ANOTHER ASIDE - speaking of aid stations, it was so cool to see Maxwell Ferguson out there. He cheered me on at the first aid station and as I pulled into the third it was awesome to hear him yell, "Martin! What can I get you?" I handed him my bottle, done. Gone in 60 seconds.

I think I have never been this muddy. I was dancing around the puddles for the first 10 miles (in spite of the fact that it was pretty ineffective after mile six) and from then on I didn't really care. My Brooks PureGrit 3 shoes drain extremely well and later in the race I was actually looking for puddles and streams just to rinse off the the grime. I thought traction would be a huge issue but I was pleasantly surprised. The tread on these shoes is fantastic so I had almost zero issues on the climbs and on the descents when I started to 'ski' it always felt like I was in control and actually fun for the most part. Sure there were a couple of dynamic recoveries but I never fell down. I felt very balanced today.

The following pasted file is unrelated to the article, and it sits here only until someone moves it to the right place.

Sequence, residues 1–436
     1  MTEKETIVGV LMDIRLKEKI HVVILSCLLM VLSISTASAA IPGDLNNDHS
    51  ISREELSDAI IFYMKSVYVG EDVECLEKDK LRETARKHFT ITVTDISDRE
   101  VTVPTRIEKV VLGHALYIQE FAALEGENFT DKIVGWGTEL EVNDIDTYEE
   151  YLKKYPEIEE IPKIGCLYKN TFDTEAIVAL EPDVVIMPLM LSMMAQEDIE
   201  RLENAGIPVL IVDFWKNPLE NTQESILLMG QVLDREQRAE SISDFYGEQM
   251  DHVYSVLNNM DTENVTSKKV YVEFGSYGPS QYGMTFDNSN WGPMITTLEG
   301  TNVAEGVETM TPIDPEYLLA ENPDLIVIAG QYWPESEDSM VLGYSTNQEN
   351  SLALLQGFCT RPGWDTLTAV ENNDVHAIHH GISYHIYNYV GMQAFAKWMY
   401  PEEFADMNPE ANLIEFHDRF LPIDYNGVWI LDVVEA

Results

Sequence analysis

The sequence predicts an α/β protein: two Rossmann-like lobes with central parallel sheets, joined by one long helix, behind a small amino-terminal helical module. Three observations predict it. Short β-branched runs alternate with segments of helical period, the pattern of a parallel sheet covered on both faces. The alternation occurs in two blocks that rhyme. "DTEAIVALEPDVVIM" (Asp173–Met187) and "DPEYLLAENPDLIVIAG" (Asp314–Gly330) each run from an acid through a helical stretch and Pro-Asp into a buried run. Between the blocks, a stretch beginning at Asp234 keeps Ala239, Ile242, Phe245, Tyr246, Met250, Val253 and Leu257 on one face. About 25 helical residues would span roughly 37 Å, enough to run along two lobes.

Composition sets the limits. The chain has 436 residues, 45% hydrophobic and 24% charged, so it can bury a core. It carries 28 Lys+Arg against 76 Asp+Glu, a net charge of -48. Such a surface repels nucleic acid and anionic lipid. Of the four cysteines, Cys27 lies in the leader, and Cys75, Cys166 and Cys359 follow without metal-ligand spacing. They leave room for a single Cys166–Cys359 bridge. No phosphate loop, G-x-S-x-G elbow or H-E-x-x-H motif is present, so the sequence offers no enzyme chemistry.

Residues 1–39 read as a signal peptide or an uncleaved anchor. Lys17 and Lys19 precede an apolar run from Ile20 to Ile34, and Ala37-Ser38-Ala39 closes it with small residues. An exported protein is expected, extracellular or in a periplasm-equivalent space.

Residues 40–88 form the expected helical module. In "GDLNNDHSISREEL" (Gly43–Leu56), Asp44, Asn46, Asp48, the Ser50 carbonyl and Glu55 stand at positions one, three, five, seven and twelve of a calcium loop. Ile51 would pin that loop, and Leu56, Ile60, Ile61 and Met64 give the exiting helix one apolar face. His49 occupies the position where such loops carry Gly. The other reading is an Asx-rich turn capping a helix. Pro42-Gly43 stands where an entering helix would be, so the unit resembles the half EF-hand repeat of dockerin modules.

I started slow and couldn't ever really speed up. :) On a couple of the climbs it felt like my heart rate was up there but the numbers below don't lie and the truth is this was just an endurance zone training run for me. Luckily I felt pretty good on the all the power hike sections because there are a lot on this course. It was a bummer to feel so slow on the flats but I was really enjoying the descents and kept catching and passing people on the downhills that had passed me on a climb or the flats. After the last climb there is a bit of flat before the last descent and three guys were right in front of me. I had to watch them slowly run away from me before we got to the steeper section but managed to haul them all in (plus a couple more) and hold them off to the finish.